The concept of green banking still has a long way to go until it gets fully mainstreamed in the banking sector. However, simultaneous activation of both top-down and bottom-up engagement in raising the awareness of green banking has taken off. Policy makers and regulators have been increasingly realizing the importance of adopting green banking policy interventions as a means to transform the financial sector which can immensely contribute towards helping countries meet their climate targets and goals. Especially, the role of central banks and financial regulators is key as they have the power to change and control dynamics and landscape of the financial sector. Considering that most developed countries rely on a voluntary code of conduct by their banks and focus on the information disclosure while developing countries tend to use more regulatory approaches to promote green banking activities, future research could examine the performance and effectiveness of each green banking policy instrument and identify which approach is proven to be more effective or has the better prospect. However, it is expected to take considerable time before any researcher can undertake such analysis because of a lack of data availability as this is very new research area. It would be equally challenging to design and develop the criteria against which performance and effectiveness of the policy instrument will be measured.

Simultaneously, more banks are willing to become greener either individually or collectively and started launching green financial products, mainly in order to increase their economic value, but also to be good corporate citizens. Green financial products serve banks to fulfill several important objectives: banks can comply with government’s regulations or guidance, enhance firm reputation, and seize emerging business opportunities. The size of the green market has been steadily growing and expected to grow further. Banks that can establish themselves as early-movers and market leaders are more likely to enhance their reputation which can in turn help attract new clients. Further, from strategic perspective, change of consumer buying behavior by encouraging them to maximize the use of green financial products is most desirable. Thus, banks will have to develop and implement robust environmental and social safeguard standards to be able to manage their green financial products and comply with the regulations or guidelines.

While there is a limited number of studies that found a positive relationship between green and social banking activities and financial and operational performance of banks, it is too early to draw such a conclusion. To do so, more data are needed and various studies should be conducted both theoretically and empirically. For example, a formal survey targeting financial institutions on current barriers and desired activities can be a useful tool for collecting the data and making the theory of change more robust. With such data in place, a structure for a more systematic and empirical analysis of root causes of market barriers and activities to address them can be developed. Also, it could be interesting future research to identify if reputation plays a mediating role between green banking activity and financial as well as operational performance of banks. Other future research topics in this area can include investigating whether green banks outperform non-green banks in terms of climate as well as operational and financial performance, and comparing the effectiveness of green banking policy measures. However, parameters and standards need to be developed to measure the green and climate performance of banks and such a task is expected to be a major challenge.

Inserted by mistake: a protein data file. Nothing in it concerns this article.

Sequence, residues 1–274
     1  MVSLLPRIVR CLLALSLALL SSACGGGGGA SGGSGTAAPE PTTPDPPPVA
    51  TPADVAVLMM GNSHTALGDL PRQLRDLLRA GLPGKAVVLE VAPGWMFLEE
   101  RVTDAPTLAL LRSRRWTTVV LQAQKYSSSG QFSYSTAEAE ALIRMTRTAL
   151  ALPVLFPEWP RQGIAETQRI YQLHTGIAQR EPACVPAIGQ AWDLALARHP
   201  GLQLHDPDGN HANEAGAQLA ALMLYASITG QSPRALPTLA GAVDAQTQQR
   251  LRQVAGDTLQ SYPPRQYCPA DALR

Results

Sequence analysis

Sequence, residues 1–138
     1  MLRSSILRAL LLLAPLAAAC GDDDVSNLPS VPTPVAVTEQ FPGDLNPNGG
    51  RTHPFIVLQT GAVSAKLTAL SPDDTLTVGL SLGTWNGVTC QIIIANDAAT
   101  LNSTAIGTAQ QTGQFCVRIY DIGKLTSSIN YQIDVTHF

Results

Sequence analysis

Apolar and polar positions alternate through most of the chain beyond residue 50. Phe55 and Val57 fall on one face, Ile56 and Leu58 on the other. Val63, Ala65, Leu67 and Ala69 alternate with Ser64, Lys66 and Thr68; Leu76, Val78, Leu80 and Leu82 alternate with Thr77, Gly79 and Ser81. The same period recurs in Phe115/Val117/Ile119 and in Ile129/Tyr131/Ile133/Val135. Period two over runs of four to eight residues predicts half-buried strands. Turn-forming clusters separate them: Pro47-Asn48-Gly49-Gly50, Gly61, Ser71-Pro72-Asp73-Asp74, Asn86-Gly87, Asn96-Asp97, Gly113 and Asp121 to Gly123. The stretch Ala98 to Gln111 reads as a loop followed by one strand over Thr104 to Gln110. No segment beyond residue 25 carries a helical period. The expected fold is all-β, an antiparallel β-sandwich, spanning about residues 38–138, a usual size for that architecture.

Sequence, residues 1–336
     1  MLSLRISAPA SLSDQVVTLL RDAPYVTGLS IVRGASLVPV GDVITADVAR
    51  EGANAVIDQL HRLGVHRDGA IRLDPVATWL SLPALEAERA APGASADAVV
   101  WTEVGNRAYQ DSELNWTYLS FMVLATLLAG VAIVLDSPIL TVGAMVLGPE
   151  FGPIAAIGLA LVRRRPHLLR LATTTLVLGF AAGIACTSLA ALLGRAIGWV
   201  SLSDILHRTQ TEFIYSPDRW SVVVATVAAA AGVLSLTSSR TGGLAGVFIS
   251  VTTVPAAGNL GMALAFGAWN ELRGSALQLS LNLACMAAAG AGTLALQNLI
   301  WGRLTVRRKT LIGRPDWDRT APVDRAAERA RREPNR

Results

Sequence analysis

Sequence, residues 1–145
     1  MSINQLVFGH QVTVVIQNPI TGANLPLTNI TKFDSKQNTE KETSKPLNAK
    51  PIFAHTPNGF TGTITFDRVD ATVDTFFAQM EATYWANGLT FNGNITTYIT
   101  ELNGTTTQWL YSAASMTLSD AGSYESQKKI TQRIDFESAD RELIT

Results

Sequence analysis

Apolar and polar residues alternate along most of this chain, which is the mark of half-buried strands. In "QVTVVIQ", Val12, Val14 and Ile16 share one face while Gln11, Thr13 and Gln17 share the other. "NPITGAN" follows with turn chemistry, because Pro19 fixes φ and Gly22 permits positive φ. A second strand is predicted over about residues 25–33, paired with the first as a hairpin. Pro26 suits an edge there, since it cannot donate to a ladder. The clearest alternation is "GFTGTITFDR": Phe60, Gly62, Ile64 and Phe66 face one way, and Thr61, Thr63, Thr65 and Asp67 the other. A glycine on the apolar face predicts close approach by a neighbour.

Availability of data and materials

Not applicable.



Association of Southeast Asian Nations


Bank for International Settlements


Corporate Social Responsibility


European Central Bank


European System of Central Banks


Environmental, Social and Governance


Global Alliance for Banking on Value


Gross Domestic Product


International Capital Market Association


International Finance Corporation


Intergovernmental Panel on Climate Change


National Energy Efficiency and Renewable Energy Action


Network for Greening the Financial System


Non-Performing Loans


Financial Services Authority


Sustainable Banking Network


Sustainable Development Goal


Task Force on Climate-related Financial Disclosures


United Nations Environment Programme Finance Initiative


United Nations Framework Convention on Climate Change


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HP carried out the research design and the literature review, performed the analysis and drafted the manuscript. JDK conceived the study and participated in its design and coordination and helped to draft the manuscript. Both authors read and approved the final manuscript.

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Park, H., Kim, J.D. Transition towards green banking: role of financial regulators and financial institutions. AJSSR 5, 5 (2020).